Response to Patrick Thaddeus Jackson
More or less at the same time, I heard on the grapevine that Patrick Jackson had joined the faculty of the School of International Service at American University, where I had taught for many years before leaving in 1994, and I read the piece, mentioned in his essay, that he wrote with Dan Nexon in 1999 while they were graduate students. I had been waiting to see what the School would do about replacing me as house theorist. The wait was worth it. The School hired someone who, despite his youth, was an accomplished social theorist.
Patrick contacted me soon after about a course I had taught for at least a decade. Eventually we got together at some meeting or another and continue to see each other on such occasions. A few years ago he invited me back to the School for a retrospective look at World of Our Making. Only then did I realize how deeply he had dived into World and divined its thematic scaffolding. He saw relations (his abiding concern in any event) where I had wanted readers to - relations ultimately between mind and world mediated by what we (as minds, as agents) do with, to and about each other. He also saw what I not had fully appreciated when I wrote the book - my abiding concern for the relation between craft and purpose. As he says, far better than I ever have, “Nick’s work lives someplace between art and ethics, giving us an ontology that we can either embrace and find ourselves within because we are moved by it, or reject because we aren’t.”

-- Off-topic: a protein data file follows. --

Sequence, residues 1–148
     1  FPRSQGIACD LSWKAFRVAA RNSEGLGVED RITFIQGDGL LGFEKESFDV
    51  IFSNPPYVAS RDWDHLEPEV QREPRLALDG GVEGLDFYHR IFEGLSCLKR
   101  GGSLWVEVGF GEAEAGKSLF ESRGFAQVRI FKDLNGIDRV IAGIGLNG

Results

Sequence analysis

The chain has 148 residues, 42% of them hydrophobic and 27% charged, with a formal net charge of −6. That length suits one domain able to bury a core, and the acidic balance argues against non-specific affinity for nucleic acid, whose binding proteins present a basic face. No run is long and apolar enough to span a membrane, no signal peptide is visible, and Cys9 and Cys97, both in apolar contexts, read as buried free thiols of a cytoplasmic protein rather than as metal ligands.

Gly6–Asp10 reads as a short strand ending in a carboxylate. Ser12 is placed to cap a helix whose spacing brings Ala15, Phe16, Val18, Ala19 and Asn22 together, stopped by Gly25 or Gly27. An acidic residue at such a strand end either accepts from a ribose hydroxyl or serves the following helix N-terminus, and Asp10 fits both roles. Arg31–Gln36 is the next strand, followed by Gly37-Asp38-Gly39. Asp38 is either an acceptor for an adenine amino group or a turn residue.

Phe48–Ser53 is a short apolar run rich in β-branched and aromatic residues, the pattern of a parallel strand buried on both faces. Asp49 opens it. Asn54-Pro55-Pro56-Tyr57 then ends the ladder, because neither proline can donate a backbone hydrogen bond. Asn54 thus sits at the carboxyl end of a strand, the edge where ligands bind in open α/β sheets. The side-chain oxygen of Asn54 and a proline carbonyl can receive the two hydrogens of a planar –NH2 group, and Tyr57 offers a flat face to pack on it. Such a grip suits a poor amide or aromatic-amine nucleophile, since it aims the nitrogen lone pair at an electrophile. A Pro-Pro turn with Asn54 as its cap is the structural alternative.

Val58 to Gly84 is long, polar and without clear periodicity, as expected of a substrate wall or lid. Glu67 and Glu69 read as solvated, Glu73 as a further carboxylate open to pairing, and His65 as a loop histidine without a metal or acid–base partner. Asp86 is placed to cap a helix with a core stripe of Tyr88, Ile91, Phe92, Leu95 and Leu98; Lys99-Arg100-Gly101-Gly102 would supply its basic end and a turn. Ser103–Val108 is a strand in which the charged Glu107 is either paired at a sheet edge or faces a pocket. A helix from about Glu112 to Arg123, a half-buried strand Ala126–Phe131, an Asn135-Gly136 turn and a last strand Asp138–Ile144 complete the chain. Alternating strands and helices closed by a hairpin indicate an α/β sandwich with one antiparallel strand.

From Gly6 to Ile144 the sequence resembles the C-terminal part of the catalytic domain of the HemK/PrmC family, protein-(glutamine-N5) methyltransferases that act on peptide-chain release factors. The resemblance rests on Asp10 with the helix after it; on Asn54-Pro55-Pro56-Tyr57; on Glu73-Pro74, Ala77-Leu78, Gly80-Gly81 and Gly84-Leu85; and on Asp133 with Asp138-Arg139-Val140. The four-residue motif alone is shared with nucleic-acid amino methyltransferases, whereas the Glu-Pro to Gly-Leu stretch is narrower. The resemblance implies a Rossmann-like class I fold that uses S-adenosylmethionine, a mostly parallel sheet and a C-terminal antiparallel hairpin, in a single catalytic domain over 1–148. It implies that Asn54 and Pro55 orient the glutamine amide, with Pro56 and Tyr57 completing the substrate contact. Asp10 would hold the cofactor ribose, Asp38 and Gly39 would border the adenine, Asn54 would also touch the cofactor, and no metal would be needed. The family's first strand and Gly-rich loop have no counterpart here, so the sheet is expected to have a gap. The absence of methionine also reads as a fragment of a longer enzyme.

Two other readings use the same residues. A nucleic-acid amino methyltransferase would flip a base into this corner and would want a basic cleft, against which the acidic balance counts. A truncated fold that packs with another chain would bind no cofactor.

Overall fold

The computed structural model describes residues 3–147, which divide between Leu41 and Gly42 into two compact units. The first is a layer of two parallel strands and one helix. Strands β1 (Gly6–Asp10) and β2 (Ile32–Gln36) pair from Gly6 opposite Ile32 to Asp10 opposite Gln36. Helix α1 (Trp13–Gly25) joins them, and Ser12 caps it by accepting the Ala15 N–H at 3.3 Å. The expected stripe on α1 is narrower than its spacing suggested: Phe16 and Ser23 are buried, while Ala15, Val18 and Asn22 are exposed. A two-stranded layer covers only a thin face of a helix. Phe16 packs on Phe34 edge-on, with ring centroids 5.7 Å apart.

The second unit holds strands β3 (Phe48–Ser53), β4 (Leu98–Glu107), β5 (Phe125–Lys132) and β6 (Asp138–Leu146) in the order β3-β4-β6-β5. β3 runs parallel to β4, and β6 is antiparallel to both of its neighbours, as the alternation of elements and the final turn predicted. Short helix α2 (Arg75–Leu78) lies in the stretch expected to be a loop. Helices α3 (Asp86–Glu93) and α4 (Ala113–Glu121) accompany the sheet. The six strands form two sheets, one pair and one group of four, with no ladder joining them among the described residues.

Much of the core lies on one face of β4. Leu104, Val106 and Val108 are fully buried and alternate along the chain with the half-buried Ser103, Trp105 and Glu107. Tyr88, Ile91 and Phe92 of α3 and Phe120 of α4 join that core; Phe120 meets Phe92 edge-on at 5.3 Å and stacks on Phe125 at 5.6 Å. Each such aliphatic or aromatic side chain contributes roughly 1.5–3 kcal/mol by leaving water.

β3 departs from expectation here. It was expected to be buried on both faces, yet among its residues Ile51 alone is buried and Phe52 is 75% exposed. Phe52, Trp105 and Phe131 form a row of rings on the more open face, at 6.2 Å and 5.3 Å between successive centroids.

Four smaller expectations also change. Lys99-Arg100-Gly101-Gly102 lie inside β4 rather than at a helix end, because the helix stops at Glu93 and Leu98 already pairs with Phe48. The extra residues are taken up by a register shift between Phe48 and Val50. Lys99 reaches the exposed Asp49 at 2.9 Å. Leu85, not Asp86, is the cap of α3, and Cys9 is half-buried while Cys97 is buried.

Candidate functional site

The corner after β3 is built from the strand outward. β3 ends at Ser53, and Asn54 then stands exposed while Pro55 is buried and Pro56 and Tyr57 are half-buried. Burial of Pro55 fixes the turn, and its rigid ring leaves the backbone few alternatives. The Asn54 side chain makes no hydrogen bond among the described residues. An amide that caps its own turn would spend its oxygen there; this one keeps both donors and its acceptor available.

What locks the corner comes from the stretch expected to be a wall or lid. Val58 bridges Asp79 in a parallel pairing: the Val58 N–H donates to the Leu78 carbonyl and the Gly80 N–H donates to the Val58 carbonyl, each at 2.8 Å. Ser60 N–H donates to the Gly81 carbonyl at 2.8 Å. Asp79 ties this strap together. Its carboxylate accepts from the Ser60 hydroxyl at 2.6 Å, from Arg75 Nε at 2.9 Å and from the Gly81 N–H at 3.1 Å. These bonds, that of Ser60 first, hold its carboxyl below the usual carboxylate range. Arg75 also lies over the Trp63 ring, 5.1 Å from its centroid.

Take it or leave it - perhaps arrogantly, this is how I feel. I might add a third option. Admire the efforts of an artisan but wonder why he bothered. Patrick implies this response when he asks, why? What is the purpose of all this work? It’s a good question, and this is a good time for me to formulate something of an answer.
Patrick himself prompts an answer - as I see it now, the best answer - when he observes that I “did not start with ‘IR’ and proceed from that standpoint.” As a university student, I started with IR almost as an accident. I had never been interested in current events. But for two brief trips to Canada, I had never been outside of my own country. I did not read newspapers. I had no aptitude for learning a language other than my own (and I had been extremely slow in learning to speak and read my own language). Having rejected all other more plausible suggestions, I declared an interest in becoming a diplomat.
In my first year of studies, I took a two-course sequence in Western civilization. I loved it for the way it combined the exotic and the familiar in an unfolding drama. The following year I took my first course in international politics, where I encountered Hans Morgenthau’s Politics among Nations. I was hooked. In Morgenthau’s hands, the political relations of nations gave the Western experience an otherwise inexplicable coherence and the observer a persuasive point of view. To this day and with a great many qualifications, I think Morgenthau had grasped something important about the ‘world’ - his and mine.